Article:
Curved, tapered doors make positioning the hinge mortises interesting. I must be careful to ensure the hinge mortises are parallel to the front face of the door. The hinge is positioned using a wedge between the beveled edge of the cabinet side and the hinge. The perimeter of the hinge is scribed with a knife and highlighted with a pencil line.
I cut the mortise depth with a router and then cleaned up the remaining perimeter of the mortise with chisels and a plane iron. These hinges are less than 1/4" wide, so there isn't much room for error when carefully paring the edges.
Here, after softening the edges, one of the four hinges is set into its mortise for a final test fit.
To help preserve the hinges and to ensure a good fit of the doors for many, many years of use, leveling pins are set into the cabinet bottom to support the doors in their closed positions. The pins also counteract the slight downward pressure of the latches shown below. I've chosen jatoba wood, which contrasts nicely with the yellow birch. Final sizing of the pins will be done when the door fitting begins.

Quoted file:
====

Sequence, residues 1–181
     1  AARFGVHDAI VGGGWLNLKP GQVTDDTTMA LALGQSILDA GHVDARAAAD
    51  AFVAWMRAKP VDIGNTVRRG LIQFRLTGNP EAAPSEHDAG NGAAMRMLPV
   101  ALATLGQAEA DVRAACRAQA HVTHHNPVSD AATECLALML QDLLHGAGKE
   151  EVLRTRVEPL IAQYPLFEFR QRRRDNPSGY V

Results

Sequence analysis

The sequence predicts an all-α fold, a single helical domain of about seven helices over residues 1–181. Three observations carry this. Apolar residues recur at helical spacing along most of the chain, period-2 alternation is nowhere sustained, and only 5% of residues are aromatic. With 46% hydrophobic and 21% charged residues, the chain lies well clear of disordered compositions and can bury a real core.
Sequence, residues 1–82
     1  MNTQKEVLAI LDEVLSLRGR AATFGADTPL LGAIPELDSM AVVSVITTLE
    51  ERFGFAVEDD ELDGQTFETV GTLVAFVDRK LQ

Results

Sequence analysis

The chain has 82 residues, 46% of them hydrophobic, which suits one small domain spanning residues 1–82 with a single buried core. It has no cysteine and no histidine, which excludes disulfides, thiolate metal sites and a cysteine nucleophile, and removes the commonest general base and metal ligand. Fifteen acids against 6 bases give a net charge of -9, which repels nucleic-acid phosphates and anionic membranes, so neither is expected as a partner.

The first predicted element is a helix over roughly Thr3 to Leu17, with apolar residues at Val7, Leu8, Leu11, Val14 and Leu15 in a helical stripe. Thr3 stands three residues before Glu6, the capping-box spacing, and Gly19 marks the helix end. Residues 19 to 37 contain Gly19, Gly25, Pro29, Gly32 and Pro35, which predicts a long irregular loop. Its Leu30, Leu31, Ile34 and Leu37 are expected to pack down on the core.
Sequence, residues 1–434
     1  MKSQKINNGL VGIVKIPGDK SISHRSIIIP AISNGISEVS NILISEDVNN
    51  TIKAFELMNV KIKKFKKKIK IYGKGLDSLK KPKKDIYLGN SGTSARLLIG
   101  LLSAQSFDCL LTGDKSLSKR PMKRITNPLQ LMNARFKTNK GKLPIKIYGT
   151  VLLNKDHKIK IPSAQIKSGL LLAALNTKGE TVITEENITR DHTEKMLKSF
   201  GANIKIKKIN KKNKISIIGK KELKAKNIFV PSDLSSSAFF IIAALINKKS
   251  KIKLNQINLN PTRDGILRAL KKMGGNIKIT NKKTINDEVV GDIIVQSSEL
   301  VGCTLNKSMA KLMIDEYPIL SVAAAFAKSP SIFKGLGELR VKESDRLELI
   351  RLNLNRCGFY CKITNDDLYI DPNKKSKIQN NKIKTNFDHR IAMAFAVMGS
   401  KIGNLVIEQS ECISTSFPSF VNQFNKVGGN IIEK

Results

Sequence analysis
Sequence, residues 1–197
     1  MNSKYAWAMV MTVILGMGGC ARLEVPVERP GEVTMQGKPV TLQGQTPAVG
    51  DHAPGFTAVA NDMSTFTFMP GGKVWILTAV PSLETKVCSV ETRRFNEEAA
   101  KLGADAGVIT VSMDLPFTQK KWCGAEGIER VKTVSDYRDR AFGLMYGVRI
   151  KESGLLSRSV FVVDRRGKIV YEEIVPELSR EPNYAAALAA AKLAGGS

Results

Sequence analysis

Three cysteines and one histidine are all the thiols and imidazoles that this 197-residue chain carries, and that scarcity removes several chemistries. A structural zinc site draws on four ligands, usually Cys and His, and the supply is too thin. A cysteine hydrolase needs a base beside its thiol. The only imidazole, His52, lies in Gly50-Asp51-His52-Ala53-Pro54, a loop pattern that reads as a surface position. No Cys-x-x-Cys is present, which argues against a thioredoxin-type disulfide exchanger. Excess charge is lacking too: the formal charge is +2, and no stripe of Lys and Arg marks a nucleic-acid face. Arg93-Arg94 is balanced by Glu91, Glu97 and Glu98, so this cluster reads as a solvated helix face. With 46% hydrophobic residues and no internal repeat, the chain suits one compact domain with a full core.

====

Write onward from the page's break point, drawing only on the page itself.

Just a bit of friction is needed to hold each door in the closed position. A couple of simple wooden latches will do the job nicely. The gentle sound of wood-on-wood as the door closes against the latch gives a comforting feel, and a pleasant sound, as well. Most of the waste material is removed from the mortise with the router, prior to cleaning it up with chisels.
After starting with these small mortises, each about 3/16" by 1" in size, I then carved the friction latches from jatoba wood to fit into the mortises. The spring provides the needed pressure and it is all held in place with a tiny brass screw. The contact point for the door will be shaped onto the latch when it comes time for door fitting.